On the other hand, Joel Ergas, FASID, of Forbes-Ergas Design Associates in Manhattan, argues that there is a difference between a short-term trend and a long-term trend and that buildings should aim as best they can for the long-term.

“I’ve seen trendy lobbies get redone because they just didn’t work,” Ergas says. “You have to compare trendy-ness to valid trends. It’s not about the latest color. By the time you get a project done, those trendy new colors may already have trickled down to the towels and sheets at JC Penney. Trends should be looked at more in terms of being developmental or evolutionary, rooted in a foundation of rationality.”

Form, as the old saying goes, should follow function. Ergas believes that a designer should look at the needs of the building and what is going on in the building before formulating a look for its spaces.

“You should look at changes in operation, at the way the doorman or concierge or management functions,” he says. Technology, too, is another major influence on how a design might take shape. “Instead of sticking a Post-it note on a mailbox to tell a resident they have a package, a lot of buildings are now installing video screens at the front desk where people can find out if they have something waiting for them in the mailroom,” Ergas says.

New materials also can impact a design scheme. “As new materials like engineered wood become available, it allows us to use the appearance of real wood paneling where we could not have before,” Ergas says. “Or the beautiful [new] porcelain floor tiles. They can look like slate or travertine or marble, but they’re less expensive and they’re slip-resistant.”

Thinking of the needs of residents and overcoming preconceived design notions are also important. Ergas mentions universal design, another term for accessible design which incorporates ramps and other easier means of entrance and egress.

“People think ramps and they think wheelchairs, but it’s more than that,” he says. “Ramps within lobby spaces are alternates to taking steps and that impacts people with baby carriages, people with shopping carts, people pulling luggage carts and people in wheelchairs. Buildings have really come around [in recent years] to recognizing the importance of universal design.”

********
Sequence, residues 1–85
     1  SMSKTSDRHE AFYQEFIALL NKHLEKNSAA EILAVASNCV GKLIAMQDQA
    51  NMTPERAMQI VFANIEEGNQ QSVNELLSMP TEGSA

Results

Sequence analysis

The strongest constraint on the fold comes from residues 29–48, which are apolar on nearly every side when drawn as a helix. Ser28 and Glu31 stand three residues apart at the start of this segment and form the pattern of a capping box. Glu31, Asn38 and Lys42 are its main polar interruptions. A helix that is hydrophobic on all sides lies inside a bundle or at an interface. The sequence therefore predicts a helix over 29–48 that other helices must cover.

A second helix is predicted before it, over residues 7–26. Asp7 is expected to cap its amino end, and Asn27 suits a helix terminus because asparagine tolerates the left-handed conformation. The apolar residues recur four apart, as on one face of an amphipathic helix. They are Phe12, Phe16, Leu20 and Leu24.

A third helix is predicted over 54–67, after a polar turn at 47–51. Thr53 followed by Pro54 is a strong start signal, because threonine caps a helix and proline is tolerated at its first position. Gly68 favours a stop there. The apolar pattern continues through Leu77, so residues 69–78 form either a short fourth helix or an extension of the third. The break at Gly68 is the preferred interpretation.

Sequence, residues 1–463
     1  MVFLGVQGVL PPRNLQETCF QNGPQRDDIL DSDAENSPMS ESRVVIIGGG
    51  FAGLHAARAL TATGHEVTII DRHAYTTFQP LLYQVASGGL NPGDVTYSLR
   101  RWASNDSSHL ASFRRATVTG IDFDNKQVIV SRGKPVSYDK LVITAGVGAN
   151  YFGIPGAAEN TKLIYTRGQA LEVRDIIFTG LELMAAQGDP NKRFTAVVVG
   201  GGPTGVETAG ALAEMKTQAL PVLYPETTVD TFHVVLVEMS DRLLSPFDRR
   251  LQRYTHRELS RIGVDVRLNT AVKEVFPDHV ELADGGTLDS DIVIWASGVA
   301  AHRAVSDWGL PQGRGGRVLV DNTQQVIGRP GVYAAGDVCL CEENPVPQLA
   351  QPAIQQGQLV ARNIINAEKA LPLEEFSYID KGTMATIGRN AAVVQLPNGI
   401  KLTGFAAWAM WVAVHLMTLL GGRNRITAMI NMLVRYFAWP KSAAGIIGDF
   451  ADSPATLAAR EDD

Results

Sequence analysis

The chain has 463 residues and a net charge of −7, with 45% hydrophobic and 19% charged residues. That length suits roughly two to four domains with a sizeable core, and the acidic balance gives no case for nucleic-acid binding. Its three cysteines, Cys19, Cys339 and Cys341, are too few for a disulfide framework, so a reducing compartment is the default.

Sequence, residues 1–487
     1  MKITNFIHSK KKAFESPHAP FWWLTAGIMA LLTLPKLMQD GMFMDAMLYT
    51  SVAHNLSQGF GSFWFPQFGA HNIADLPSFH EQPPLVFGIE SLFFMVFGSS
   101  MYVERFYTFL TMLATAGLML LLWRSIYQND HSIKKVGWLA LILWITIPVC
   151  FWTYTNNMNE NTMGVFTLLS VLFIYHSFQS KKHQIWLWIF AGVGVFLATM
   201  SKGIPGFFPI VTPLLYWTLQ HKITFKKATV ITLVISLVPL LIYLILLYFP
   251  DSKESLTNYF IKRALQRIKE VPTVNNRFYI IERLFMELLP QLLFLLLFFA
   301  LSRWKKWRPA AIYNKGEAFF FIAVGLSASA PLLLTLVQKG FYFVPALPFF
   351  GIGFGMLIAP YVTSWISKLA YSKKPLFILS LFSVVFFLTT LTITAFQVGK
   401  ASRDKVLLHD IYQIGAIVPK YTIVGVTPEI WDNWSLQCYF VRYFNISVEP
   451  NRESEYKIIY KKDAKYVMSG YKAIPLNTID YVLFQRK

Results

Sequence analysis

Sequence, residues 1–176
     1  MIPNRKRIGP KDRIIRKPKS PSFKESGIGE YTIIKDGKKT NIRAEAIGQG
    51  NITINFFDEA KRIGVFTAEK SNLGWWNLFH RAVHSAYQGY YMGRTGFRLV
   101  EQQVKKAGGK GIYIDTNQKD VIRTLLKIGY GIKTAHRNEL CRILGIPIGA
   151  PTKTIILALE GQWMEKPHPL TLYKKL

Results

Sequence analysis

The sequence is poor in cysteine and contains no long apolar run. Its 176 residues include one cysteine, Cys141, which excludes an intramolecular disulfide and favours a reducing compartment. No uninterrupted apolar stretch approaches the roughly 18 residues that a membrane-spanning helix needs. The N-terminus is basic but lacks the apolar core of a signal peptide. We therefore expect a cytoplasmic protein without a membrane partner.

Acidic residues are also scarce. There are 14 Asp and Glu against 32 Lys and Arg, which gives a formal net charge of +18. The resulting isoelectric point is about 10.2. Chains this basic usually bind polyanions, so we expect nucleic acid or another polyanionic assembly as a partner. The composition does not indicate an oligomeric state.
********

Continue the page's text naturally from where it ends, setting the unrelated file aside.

Design also should take into account the quality of the pieces being incorporated. People need to become conscious, Ergas says, of buying “quality versus quantity.” It is worth it, he says, for boards and management to perhaps do a redesign or renovation in stages if it means being able to buy quality, long-lasting materials or pieces of furniture.

Perhaps most important is the way that everyone involved looks at the overall design project. It helps, Ergas says, to see the big picture and know that every piece is a key piece to the puzzle. “I find that buildings are really starting to understand all of their common areas as one comprehensive design,” he says. People need to think of buildings “as an integrated whole, from curb to roof.”

Working Together

Good design comes from good relationships among all the people involved. The board has to trust its design committee. The design committee has to trust its designer. And the designer has to know that he or she has the support of the board and management. Communication is paramount and so is a willingness for everyone to work together and perhaps occasionally put aside their desires for the benefit of the whole.